PED NEWS RELEASE
The New Mexico Public Education Department will emphasize the three As along with the traditional three Rs during the 2022-23 school year in a concentrated effort to improve academic outcomes for every student group after two years of pandemic-related disruptions.
In addition to reading, (w)riting and (a)rithmatic, students returning to school this month will find a sharp focus this school year on attendance, achievement and attainment – of a high school diploma.
Other highlights for the new school year include:
- The Public Education Department will promote positive “math identities” in the new school year with an initiative called “Math Is Me.”
- Almost three-fourths of New Mexico students (71%) will eat for free at school, thanks to 2020 legislation signed by Gov. Lujan Grisham.
- Through a $1.24 investment, every K-12 student and teacher can now access a suite of more than 20 industry-standard digital tools for design, photography, video and the web.
- Social distancing is now a local decision.
- COVID testing for staff is now a local decision.
- Requirements to quarantine if exposed to COVID is now a local decision.
- Participation in the Test to Stay program is now a local decision.
Secretary Kurt Steinhaus is urging every school district and charter school to focus on attendance, achievement and attainment in order to move the needle this year on three key measures of academic achievement: reading proficiency, math proficiency and graduation rate. New Mexico lags the national averages and state expectations on all three measures.
“Kids learn academics and social skills when they are in school, so attendance has to be our first priority,” Steinhaus said. “The more time our teachers have with students in class, the more they will achieve academically, so that’s No. 2. And if they are enjoying academic success, they’ll stay engaged in learning and make it across the finish line to a diploma, which is the ultimate goal of a K-12 education system.”
MATH IS ME
Math Is Me developed from emerging research about the importance of how students perceive their own ability to do math. The goal is to break down stubborn myths that girls and some racial minorities are not good at math while boys and other racial minorities are – myths that can strongly influence academic performance and contribute to gender and racial disparities in assessments of math proficiency.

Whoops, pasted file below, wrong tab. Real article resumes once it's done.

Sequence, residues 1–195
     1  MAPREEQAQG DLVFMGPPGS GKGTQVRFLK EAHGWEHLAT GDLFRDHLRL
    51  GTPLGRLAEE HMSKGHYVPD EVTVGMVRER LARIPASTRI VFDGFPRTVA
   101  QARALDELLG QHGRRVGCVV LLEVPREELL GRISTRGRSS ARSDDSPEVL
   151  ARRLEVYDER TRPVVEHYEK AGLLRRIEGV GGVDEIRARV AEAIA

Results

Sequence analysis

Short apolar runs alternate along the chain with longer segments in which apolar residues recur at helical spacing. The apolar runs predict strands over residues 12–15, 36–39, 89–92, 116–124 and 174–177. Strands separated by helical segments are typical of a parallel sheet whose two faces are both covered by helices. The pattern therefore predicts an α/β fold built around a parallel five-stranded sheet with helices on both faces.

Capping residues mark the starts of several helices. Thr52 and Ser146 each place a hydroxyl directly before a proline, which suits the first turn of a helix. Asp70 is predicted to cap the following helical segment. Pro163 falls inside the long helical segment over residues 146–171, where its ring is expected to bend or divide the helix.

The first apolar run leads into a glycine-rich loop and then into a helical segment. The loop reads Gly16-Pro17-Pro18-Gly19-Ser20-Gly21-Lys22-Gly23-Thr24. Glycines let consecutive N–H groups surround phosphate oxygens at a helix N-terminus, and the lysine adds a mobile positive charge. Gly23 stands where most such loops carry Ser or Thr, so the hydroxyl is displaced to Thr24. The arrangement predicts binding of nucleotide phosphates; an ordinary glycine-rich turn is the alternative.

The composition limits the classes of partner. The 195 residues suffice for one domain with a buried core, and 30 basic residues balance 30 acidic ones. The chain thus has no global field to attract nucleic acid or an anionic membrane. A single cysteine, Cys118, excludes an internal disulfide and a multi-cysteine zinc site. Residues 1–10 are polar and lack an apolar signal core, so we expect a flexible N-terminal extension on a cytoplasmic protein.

As part of the initiative, the department’s Math and Science Bureau is offering teachers a professional development opportunity this fall called “Fostering Positive Math Identities.”
In addition, the PED’s College and Career Readiness Bureau is working hard to ensure students see the real-life value of math through the Careers2Communities program and the related Pathway2Careers math curriculum for middle and high school students. Both help students answer the all-important question: When will I ever use this? The curriculum and educator professional development that supports it are now available for eighth-grade math, Algebra I, Geometry and Algebra II.
Although the federal government reinstated co-pays for reduced-price meals this summer, House Bill 1 from the 2020 regular legislative session eliminated those co-pays in New Mexico.
That means about 57,000 New Mexico students who qualify for reduced-price school meals will continue eating for free – along with 180,000 students who qualify for free school meals. That’s about 71% of the state’s K-12 enrollment.
For students who don’t qualify for any meal assistance, the maximum co-pay for a school meal is just 40 cents.
HEALTH AND SAFETY
Ensuring the health and safety of our school communities remains a priority this year. While COVID-19 remains a concern, the availability of vaccines for every New Mexican 6 months and older has mitigated the severity of the disease in most cases. That led the national Centers for Disease Control and Prevention to issue new guidance this week that recommends but does not require practices like social distancing, surveillance testing and quarantining for close contacts in most cases.
The state followed today with a new Public Health Order that clears the way for additional changes in the Public Education Department’s COVID-19 Response Toolkit for Public Schools. The department is already working on an updated toolkit to align with the CDC guidance and the new health order.
As another safety precaution, the Public Education Department is again offering – free of charge – a panic button that any educator can use to summon help and alert others in case of an emergency. The Rave Panic Button app allows users to simultaneously connect with 9-1-1 and first responders and send an alert to on-site staff in the event of an emergency.